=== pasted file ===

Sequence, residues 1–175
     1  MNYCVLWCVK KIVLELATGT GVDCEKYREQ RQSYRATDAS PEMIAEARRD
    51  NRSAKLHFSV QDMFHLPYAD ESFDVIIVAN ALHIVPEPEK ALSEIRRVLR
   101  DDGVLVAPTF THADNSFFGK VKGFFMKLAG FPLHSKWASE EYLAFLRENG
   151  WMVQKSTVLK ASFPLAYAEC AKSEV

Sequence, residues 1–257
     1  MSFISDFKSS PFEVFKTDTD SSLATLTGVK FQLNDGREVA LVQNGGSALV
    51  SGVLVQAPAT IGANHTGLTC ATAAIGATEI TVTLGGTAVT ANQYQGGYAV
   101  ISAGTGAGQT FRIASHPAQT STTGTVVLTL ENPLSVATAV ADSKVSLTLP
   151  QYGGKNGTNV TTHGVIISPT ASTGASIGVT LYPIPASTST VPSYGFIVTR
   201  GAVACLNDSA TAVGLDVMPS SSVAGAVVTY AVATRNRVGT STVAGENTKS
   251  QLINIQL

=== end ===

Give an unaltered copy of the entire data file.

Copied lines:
Sequence, residues 1–175
     1  MNYCVLWCVK KIVLELATGT GVDCEKYREQ RQSYRATDAS PEMIAEARRD
    51  NRSAKLHFSV QDMFHLPYAD ESFDVIIVAN ALHIVPEPEK ALSEIRRVLR
   101  DDGVLVAPTF THADNSFFGK VKGFFMKLAG FPLHSKWASE EYLAFLRENG
   151  WMVQKSTVLK ASFPLAYAEC AKSEV

Sequence, residues 1–257
     1  MSFISDFKSS PFEVFKTDTD SSLATLTGVK FQLNDGREVA LVQNGGSALV
    51  SGVLVQAPAT IGANHTGLTC ATAAIGATEI TVTLGGTAVT ANQYQGGYAV
   101  ISAGTGAGQT FRIASHPAQT STTGTVVLTL ENPLSVATAV ADSKVSLTLP
   151  QYGGKNGTNV TTHGVIISPT ASTGASIGVT LYPIPASTST VPSYGFIVTR
   201  GAVACLNDSA TAVGLDVMPS SSVAGAVVTY AVATRNRVGT STVAGENTKS
   251  QLINIQL